Challenges facing contemporary archaeologists and how they shape methods and goals:
Contemporary archaeologists face a distinct challenge in their practice because their projects exist in the realm of the recent past and public memory. When exploring contemporary cultural processes and materials, the communities that face the trauma or pressures creating them are often present and vocal during research. The public is very much involved in shaping and responding to contemporary archaeological methods and goals. As a result, research in contemporary archaeology can take a much more ethnographic approach, and most contemporary archaeological work necessarily counters the scientific urge to remain objective.
Contributions of contemporary archaeology:
Contemporary archaeology’s focus on living or recently living communities and their material traces means our work has the potential to take an applied route. The overlap between applied research as well as community archaeology with contemporary archaeology were topics of lengthy debate during the workshop. Some participants argued strongly against the pairing of applied anthropology and contemporary archaeology, while others saw less of a distinction between the two. Nevertheless, I appreciated how contemporary archaeology might be able to partake in solving some of today’s issues. For example, the findings from contemporary archaeology might be applied to public policy, city development, and construction of commemorations and memorials.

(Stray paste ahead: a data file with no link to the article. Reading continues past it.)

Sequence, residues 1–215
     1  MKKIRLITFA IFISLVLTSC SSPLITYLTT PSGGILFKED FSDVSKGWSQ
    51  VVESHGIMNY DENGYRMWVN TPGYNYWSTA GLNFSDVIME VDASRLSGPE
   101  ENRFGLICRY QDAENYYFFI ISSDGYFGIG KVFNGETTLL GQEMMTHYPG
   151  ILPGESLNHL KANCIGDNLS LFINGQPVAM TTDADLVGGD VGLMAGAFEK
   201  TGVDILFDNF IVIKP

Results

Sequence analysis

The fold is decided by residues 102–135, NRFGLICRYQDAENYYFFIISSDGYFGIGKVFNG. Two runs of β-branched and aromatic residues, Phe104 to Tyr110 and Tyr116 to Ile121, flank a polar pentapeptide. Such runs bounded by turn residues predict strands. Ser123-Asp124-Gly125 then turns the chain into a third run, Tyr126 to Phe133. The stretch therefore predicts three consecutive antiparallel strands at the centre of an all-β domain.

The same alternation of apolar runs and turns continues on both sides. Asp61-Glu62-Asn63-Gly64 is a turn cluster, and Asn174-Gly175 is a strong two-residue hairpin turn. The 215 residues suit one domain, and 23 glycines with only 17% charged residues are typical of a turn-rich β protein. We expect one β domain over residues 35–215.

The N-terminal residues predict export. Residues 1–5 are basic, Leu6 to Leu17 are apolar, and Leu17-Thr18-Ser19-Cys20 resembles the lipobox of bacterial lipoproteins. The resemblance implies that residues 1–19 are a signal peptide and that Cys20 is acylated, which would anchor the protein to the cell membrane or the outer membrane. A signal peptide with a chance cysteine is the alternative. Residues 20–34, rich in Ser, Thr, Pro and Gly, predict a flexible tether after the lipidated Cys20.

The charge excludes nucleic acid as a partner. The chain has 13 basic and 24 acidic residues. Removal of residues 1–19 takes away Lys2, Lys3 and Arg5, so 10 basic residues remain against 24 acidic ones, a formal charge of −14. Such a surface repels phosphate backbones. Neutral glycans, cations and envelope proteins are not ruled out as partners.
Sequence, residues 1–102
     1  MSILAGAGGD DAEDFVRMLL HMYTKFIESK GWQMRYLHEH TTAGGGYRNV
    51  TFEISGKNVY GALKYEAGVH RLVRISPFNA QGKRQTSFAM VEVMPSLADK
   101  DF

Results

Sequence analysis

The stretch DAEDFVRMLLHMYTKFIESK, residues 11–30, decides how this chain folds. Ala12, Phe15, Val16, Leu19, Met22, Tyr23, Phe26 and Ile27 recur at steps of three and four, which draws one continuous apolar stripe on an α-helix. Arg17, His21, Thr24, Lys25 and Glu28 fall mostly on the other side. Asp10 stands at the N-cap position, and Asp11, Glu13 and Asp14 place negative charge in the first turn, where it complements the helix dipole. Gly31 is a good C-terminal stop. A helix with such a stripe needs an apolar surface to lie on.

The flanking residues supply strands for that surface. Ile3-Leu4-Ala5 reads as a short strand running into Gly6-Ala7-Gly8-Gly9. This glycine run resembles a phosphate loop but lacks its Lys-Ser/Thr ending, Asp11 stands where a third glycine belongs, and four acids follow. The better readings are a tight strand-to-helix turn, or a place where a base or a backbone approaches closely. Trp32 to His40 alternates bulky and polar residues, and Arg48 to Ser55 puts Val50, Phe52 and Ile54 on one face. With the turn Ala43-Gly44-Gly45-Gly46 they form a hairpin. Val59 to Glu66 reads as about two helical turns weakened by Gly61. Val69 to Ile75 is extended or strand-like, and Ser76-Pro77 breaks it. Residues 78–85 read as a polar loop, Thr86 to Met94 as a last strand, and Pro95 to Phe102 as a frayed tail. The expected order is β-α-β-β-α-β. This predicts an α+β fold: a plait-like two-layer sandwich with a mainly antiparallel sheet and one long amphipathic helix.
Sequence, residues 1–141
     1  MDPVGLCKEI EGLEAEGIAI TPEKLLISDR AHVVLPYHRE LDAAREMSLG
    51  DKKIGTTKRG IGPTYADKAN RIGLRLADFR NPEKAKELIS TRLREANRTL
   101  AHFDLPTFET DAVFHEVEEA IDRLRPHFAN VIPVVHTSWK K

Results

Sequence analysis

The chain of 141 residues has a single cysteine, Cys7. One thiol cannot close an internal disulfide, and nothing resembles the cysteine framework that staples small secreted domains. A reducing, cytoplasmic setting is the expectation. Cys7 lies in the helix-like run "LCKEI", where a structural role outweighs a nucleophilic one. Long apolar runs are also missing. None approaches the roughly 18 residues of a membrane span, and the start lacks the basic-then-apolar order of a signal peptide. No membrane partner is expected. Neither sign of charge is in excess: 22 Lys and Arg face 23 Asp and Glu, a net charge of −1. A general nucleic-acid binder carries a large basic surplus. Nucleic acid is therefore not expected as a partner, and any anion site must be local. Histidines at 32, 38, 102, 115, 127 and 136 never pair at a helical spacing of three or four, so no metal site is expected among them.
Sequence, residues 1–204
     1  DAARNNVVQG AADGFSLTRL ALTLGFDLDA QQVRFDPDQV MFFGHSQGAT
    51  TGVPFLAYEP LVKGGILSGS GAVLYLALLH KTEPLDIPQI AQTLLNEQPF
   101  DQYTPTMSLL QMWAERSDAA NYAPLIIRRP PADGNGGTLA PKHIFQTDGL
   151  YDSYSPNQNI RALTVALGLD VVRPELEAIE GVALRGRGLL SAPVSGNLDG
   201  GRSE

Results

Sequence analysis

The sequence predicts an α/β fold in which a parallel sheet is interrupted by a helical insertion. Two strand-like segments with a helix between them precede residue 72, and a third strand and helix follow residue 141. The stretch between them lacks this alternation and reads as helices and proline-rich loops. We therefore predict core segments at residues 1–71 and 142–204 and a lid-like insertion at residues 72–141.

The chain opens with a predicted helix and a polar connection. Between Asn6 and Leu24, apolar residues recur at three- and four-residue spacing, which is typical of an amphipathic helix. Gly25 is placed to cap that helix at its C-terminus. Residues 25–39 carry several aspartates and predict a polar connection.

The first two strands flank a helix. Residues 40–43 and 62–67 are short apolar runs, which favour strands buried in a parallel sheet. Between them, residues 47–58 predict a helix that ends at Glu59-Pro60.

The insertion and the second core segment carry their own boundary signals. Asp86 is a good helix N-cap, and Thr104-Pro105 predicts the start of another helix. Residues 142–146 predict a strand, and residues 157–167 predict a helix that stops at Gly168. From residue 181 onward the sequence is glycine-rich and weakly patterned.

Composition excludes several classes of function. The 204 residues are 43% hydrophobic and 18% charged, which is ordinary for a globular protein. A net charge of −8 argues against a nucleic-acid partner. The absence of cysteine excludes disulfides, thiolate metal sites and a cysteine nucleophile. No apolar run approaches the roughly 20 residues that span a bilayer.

All in all, this workshop not only expanded my knowledge of contemporary archaeology, but it also helped me to reflect on my own research. The Archaeologies of the Present workshop was an exciting firsthand look into the workings of scholarly discussion, research, and interactions.
To complement my own response and reflection, here are a few comments from other graduate student participants highlighting what they found to be the most exciting or inspiring parts of the workshop:
Katie Korth: “Alfredo’s comment that beautiful ruins select themselves was my favorite moment of the workshop. It’s important that archaeologists look beyond the ruins to the less obvious bits of material history because otherwise they will be lost forever. For instance, the history of the Roosevelt Park neighborhood is always overshadowed by the hulking ruined train station, but Roosevelt Park is an integral part of the history of the station, Corktown as a neighborhood, and Detroit as a whole.”
Samantha Malette: “It was very interesting to see and compare the scholars’ reactions to site visits versus my own thoughts as a Metro Detroiter. Particularly, visiting the 8 Mile Wall was a powerful moment, during which I was confronted with a physical representation of social discourses that have taken place during my life – the challenges to these discourses are more apparent now, as a student at Wayne State University.”